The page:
Is BPA-free plastic really safe?

PureBot water bottle claims to be EA-free, including BPA and all similar chemicals

New research raises concerns that BPA-free plastics are not as safe as we might think. While they may not contain bisphenol A, many BPA-free plastics release other chemicals that mimic estrogen, researchers claim.

In a new study published online March 2, a US research team tested more than 500 BPA-free consumer products for chemicals similar to BPA. They found that 92 percent of the products released potentially hazardous compounds after undergoing wear and tear, such as through dishwashing, microwaving, or exposure to sunlight.

The research reports that many BPA-free products, from baby bottles to plastic food wrap, had more estrogenic activity -- which is linked to birth defects, cancers, and other health issues -- than those products containing BPA. It's still unclear, however, whether or not humans are harmed by the chemicals since most studies have been done in mice and rats. 

Austin-based company PlastiPure claims to be "the first and only company" developing plastic materials free of estrogenic activity (EA), including BPA and all similar chemicals. The new plastic technology is used for the PureBot water bottle, a 24-ounce (about 709 ml) EA-free container that retails for $7.99 (€5.71). The company aims to see its technology used in other types of plastics, from sippy cups to toys. In October 2010, the company announced that it had received two grants from the National Institute of Health and the National Science Foundation in the US for developing its new products.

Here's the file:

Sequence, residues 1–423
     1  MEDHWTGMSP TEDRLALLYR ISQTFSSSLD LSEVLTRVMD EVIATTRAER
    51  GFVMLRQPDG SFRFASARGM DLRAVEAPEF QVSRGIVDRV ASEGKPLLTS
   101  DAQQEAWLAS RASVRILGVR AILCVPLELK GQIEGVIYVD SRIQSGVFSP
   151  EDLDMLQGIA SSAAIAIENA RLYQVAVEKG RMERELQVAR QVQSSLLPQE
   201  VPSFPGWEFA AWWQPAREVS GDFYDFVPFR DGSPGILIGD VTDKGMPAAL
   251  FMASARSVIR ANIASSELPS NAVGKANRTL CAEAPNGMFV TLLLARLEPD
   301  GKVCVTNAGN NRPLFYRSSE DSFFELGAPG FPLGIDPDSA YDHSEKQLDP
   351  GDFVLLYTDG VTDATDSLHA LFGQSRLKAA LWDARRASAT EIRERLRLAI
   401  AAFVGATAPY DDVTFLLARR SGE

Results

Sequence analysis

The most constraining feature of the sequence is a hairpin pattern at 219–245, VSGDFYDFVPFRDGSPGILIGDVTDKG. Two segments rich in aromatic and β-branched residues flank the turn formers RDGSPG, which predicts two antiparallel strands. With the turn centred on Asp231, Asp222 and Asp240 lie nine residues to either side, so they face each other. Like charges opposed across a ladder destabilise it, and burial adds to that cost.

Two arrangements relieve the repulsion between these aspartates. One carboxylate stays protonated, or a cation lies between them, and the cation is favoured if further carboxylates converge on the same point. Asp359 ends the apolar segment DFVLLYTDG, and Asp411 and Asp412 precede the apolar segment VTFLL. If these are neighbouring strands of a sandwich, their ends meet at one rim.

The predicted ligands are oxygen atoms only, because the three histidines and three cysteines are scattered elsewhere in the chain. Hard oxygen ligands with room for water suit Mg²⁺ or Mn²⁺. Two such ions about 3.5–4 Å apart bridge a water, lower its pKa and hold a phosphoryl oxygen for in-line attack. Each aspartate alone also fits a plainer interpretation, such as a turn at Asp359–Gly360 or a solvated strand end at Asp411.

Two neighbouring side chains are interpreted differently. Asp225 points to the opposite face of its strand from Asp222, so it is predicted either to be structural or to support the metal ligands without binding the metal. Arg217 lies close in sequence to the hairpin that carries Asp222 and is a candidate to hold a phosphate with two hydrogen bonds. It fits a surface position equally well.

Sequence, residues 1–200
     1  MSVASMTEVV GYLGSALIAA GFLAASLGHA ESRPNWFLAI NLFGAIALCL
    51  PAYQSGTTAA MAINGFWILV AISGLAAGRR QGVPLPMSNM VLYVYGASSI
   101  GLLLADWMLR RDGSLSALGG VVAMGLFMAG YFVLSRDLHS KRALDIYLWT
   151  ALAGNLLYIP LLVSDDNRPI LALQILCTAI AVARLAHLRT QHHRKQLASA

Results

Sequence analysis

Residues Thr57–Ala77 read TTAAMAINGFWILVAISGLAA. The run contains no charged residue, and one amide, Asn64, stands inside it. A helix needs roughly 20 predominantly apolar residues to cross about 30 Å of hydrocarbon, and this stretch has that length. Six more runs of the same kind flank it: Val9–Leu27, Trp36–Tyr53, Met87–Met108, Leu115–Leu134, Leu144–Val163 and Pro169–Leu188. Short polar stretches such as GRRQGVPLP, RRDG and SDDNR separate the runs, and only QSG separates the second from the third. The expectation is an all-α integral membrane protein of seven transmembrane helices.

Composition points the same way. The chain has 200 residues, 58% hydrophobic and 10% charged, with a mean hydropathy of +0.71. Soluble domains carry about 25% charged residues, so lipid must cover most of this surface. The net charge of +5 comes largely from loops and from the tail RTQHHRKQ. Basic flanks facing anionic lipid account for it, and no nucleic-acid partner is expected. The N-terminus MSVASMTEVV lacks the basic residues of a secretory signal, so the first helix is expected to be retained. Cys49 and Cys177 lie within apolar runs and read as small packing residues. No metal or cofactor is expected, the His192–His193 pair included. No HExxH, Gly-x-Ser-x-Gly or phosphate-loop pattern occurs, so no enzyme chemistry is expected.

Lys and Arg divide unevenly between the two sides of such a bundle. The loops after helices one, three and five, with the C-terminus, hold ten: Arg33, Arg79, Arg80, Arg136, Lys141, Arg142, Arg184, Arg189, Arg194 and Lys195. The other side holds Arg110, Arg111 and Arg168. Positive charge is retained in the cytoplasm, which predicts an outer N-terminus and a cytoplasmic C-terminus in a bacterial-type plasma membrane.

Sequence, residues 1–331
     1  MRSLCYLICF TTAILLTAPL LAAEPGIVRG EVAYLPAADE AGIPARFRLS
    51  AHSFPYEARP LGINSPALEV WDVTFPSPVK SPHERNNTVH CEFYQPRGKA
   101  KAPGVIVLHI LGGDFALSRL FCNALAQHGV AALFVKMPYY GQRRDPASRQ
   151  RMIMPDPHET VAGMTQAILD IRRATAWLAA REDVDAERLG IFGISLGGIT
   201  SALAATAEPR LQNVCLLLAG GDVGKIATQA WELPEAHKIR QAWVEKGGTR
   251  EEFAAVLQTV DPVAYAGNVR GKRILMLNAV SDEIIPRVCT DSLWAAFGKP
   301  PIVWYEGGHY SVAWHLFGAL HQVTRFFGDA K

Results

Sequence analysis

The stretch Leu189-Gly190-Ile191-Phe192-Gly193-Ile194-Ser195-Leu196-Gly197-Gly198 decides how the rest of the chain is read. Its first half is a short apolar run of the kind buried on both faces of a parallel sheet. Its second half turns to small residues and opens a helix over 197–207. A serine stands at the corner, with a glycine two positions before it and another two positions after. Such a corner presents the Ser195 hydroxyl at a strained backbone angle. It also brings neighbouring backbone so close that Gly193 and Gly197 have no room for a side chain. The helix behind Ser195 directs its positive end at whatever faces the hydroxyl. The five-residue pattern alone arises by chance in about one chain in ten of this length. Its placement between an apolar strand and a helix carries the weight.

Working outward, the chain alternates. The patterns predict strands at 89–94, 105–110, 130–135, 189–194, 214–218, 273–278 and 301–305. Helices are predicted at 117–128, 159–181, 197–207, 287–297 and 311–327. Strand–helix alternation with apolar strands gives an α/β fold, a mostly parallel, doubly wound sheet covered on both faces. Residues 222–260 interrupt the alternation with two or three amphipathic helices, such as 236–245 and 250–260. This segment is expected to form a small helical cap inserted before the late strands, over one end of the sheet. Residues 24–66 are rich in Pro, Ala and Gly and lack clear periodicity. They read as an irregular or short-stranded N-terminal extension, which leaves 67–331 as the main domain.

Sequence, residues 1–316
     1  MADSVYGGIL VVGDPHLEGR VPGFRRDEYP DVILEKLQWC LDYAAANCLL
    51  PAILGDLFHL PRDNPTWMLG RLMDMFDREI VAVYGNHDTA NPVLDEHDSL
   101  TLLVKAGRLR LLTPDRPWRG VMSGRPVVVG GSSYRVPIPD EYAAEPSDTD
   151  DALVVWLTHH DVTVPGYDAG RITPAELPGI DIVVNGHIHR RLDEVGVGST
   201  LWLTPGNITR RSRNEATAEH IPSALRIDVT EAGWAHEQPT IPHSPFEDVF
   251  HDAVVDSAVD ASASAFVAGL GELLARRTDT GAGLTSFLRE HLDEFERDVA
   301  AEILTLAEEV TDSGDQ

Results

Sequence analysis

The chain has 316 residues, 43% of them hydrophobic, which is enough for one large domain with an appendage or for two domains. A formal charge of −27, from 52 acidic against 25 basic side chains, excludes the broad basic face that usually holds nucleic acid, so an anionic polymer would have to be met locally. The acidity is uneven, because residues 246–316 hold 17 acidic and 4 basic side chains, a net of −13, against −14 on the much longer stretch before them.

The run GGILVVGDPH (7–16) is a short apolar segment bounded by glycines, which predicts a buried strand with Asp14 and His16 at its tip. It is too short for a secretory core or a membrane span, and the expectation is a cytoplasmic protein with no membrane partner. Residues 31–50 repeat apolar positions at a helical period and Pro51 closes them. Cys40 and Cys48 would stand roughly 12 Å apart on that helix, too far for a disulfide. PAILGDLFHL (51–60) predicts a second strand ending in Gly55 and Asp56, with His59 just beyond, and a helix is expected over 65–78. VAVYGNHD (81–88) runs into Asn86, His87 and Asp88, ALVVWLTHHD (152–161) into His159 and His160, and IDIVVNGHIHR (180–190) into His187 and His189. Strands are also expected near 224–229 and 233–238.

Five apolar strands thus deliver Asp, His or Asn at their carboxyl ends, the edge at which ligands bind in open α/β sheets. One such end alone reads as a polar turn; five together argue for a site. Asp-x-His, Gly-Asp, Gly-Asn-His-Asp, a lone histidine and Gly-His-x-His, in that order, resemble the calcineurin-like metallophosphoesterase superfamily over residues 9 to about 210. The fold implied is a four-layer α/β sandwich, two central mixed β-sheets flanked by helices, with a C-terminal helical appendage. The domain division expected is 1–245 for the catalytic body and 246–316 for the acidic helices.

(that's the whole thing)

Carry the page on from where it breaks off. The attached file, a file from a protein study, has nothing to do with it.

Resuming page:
If you have been living in Europe or the US it is highly probable that you have BPA in your system, as 90% of Europeans and Americans have detectable amounts. Plus 3,175 million tons of BPA are produced annually, and BPA ends up in a number of consumer goods including polycarbonate plastic products (reusable water bottles, sippy cups, leftover containers, baby bottles, toys), the lining of canned foods, baby formula and beverages, pizza boxes, and other fast food containers. However, much less is known about the chemicals used to replace BPA in plastic products.

Here are some steps you can take now to reduce your exposure to BPA and harmful chemicals:

  • Try to stay away from receipts (sometimes they can be emailed) and carbonless paper, which often contain BPA. If you handle a large amount of receipts, wash your hands often and try wearing gloves.
  • Avoid drinking canned sodas or beers.
  • Opt for bottled waters and other plastics with the recycling labels #1, #2 and #4 on the bottom and avoid #7, which are usually made with polycarbonate (PC) plastics.
  • Do not microwave plastics, either BPA or BPA-free, and don't leave your plastics sitting in the sunlight.

Access the study here: